Insurance renewal of AI concludes at much higher price

Written by fe Bureau | Mumbai | Updated: Oct 1 2009, 04:58am hrs
The controversial insurance renewal for national carrier Nacil, for 2009-10, has been concluded at a much higher price than the contracted bid between the company and the consortium of insurers, led by Reliance General Insurance. After a change of the pricing, the deal has been put through by Reliance General and Mitsui Sumitomo before the existing cover expires on Wednesday. It is not yet known whether Air India has agreed to the higher pricing.

Though Reliance General was officially awarded Air Indias deal on September 9, it has taken time to place the deal, since the London markethome to the international aviation insurance markethas resisted the reinsurance terms and conditions of the deal, prepared by the Mitsui Sumitomo.

London market sources pointed out that Air India has to pay $3-5 million more to conclude the deal, since the reinsurers in London have refused to accept $22.2 million, the price at which Reliance General consortium was awarded the deal over its public sector counterparts, led by New India Assurance. Nacils $6.2 billion worth of risks include the value of the aircraft and other liabilities.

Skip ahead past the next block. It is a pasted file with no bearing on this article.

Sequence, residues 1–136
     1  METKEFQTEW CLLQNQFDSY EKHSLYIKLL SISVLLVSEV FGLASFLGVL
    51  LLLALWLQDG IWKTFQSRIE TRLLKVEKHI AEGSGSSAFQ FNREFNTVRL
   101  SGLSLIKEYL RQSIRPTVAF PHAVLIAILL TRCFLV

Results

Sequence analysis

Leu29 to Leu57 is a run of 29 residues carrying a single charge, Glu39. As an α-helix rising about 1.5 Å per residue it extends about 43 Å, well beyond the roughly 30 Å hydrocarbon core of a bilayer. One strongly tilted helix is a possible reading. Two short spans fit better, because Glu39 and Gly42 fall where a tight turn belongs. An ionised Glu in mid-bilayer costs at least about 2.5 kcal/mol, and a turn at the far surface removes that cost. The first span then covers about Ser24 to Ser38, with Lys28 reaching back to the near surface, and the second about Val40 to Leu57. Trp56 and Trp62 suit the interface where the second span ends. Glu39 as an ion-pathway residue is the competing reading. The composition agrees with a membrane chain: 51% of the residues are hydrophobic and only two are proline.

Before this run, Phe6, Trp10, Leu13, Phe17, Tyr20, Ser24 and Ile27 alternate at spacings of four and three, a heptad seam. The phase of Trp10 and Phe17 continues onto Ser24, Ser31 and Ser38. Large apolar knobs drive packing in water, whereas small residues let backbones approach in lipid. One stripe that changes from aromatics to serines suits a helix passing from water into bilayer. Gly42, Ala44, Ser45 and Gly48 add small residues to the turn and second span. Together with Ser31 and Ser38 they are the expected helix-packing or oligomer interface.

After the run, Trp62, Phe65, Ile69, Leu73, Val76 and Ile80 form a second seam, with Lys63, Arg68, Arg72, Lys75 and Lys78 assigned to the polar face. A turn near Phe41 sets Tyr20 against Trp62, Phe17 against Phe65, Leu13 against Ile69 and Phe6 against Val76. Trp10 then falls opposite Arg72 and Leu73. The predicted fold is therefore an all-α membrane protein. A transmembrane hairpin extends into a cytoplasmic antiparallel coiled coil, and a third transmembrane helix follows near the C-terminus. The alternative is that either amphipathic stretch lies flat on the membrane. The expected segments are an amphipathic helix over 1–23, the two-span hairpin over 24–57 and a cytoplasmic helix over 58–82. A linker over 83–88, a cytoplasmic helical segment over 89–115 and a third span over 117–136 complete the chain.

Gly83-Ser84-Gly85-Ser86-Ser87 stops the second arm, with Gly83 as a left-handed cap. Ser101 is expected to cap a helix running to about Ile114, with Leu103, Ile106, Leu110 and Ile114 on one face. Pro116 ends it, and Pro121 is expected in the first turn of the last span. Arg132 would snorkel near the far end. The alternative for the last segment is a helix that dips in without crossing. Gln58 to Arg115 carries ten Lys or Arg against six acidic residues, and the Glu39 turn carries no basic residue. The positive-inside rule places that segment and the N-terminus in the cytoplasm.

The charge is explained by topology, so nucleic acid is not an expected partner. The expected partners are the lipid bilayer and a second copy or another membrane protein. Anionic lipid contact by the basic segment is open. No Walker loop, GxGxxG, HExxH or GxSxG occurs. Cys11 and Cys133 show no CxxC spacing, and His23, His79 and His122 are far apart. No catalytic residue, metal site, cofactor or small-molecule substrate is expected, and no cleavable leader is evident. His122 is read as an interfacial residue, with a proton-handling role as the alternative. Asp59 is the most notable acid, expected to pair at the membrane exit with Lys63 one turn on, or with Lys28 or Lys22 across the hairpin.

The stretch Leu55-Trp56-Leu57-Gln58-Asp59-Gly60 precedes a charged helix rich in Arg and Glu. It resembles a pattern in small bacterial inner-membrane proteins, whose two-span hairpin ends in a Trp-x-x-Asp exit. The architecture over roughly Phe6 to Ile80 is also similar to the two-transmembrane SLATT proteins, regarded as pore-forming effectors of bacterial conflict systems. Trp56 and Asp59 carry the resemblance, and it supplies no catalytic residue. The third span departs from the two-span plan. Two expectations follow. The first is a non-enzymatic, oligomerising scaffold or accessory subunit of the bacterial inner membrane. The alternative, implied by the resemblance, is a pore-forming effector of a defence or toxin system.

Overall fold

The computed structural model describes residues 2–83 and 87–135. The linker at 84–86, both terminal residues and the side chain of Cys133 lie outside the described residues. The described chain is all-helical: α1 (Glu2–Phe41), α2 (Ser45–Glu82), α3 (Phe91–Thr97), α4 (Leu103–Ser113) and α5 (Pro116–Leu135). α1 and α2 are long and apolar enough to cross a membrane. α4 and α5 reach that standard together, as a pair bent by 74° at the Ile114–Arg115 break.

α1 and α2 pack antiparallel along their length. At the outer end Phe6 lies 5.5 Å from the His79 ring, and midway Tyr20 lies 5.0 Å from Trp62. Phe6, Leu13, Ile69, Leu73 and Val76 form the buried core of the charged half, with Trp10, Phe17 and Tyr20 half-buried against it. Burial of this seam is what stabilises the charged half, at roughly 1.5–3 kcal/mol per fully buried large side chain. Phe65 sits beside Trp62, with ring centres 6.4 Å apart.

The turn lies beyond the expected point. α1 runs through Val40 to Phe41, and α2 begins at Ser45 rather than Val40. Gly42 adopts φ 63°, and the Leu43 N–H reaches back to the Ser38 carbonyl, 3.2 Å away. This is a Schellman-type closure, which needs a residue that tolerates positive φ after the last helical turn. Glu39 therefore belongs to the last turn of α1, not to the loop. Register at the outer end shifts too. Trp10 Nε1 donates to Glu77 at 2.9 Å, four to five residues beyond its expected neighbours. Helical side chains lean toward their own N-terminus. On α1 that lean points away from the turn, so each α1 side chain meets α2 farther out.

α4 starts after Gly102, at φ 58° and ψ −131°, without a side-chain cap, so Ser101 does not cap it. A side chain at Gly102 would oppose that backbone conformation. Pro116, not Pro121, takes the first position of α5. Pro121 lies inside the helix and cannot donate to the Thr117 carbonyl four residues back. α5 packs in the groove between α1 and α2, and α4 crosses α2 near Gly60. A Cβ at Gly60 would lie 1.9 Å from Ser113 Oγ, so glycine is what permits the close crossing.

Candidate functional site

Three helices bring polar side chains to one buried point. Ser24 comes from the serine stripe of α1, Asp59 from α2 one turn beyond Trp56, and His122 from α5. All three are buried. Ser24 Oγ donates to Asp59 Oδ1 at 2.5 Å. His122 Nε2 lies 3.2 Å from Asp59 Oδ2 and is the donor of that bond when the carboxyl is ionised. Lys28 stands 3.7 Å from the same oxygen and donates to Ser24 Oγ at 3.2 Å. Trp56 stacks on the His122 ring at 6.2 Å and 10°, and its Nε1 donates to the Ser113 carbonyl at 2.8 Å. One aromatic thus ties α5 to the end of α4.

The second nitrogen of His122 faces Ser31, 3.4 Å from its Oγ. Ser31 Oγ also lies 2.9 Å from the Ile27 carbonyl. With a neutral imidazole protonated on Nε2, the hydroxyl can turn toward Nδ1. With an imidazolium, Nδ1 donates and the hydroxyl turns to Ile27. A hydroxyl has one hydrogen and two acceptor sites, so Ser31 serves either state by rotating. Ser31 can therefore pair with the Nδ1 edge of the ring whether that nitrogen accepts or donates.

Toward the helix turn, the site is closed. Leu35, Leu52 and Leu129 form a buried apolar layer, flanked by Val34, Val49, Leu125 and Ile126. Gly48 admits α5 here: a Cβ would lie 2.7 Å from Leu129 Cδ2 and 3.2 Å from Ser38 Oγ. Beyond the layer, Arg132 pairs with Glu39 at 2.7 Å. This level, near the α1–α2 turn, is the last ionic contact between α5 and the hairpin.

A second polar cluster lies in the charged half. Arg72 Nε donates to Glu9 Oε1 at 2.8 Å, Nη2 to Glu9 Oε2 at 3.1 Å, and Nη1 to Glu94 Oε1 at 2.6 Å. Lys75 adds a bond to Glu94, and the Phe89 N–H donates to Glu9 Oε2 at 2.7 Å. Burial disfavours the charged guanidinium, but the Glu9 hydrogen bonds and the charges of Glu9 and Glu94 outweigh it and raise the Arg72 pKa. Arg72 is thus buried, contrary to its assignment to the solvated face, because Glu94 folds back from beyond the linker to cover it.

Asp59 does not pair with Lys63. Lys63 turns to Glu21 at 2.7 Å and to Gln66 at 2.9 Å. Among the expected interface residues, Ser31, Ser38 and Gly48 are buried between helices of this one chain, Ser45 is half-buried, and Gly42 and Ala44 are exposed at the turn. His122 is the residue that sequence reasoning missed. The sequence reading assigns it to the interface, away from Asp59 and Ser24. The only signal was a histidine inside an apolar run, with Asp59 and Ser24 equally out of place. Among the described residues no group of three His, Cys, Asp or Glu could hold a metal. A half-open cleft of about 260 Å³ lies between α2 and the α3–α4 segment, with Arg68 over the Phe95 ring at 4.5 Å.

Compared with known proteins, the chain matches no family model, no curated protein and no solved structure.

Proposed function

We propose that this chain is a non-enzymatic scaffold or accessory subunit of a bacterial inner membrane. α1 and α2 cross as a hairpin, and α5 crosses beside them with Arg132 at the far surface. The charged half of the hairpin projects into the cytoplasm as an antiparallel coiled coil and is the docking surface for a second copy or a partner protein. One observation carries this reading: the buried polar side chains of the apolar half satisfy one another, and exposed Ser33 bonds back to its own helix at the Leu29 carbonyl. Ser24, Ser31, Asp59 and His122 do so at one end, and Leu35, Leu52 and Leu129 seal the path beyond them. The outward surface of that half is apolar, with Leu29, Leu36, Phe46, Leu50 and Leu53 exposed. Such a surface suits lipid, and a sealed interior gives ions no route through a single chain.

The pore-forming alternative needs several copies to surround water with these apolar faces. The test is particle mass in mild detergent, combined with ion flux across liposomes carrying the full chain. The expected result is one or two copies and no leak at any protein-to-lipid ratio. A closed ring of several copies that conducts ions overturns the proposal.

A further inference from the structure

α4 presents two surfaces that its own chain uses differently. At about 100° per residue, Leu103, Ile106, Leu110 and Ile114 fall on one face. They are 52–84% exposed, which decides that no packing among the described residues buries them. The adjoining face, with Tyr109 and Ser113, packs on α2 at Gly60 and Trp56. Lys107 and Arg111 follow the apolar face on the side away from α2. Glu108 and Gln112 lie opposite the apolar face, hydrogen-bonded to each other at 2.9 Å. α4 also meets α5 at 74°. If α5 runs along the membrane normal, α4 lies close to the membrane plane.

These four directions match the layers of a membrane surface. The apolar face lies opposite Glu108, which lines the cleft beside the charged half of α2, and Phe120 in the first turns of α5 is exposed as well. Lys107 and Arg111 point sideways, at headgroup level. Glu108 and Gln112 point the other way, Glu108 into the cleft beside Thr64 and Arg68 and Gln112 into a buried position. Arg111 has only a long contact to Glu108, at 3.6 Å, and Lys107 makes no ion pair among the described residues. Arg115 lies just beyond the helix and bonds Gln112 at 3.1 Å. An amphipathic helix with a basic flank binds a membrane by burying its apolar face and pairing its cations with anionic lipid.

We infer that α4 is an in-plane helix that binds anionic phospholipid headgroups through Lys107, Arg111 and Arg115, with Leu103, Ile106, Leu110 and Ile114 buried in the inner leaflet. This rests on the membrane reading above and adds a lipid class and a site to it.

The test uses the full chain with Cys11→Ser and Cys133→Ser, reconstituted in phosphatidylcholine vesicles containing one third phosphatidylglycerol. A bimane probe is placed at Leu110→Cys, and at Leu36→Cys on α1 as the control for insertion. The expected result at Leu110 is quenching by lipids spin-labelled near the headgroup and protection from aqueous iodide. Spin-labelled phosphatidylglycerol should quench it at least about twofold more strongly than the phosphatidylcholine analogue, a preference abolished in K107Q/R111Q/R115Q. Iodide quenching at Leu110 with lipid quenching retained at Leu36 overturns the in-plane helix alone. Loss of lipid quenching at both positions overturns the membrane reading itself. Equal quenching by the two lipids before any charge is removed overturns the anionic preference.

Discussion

However, without giving any details, including the exact amount paid to conclude the final deal, sources from one of the parties involved in the deal said the deal has already been placed and the necessary cheques have been deposited. Delhi-based ACE and Marsh India have acted as brokers for Nacils renewal exercise.

Reliance General and Mitsui Sumitomo had agreed to pay the higher amount for the renewal with the plea that Air India had incurred a claim of $18 to $20 million, out of a mishap in one if its West Asia-bound aircraft, just before it received the official award letter from Nacil.

Industry sources have disputed the way changes have been made with the premium which was agreed between Reliance General and NACIL on September 9. As the fire mishap had happened on September 4, the private sector consortium, led by Reliance General had couple of the options while accepting the deal. The consortium could have asked for the details for the loss, or submitted a revised premium estimate after making an assessment of the losses to Air India out of the engine fire. It could have also categorically stated that they would not be able to hold their price in view of a loss. The bidders for the Air India deal, including public sector consortium led by New India, could have been given a chance to place the deal at a cheaper cost.

There were ways to reduce the premium cost, but the way the entire deal has been handled right from the stage of awarding to the placement doesnt conform to the normal norms transparency and fairness, said industry sources. It is not yet known who would bear the cost of the extra premium which has been charged over the contracted amount between Nacil and the insurers.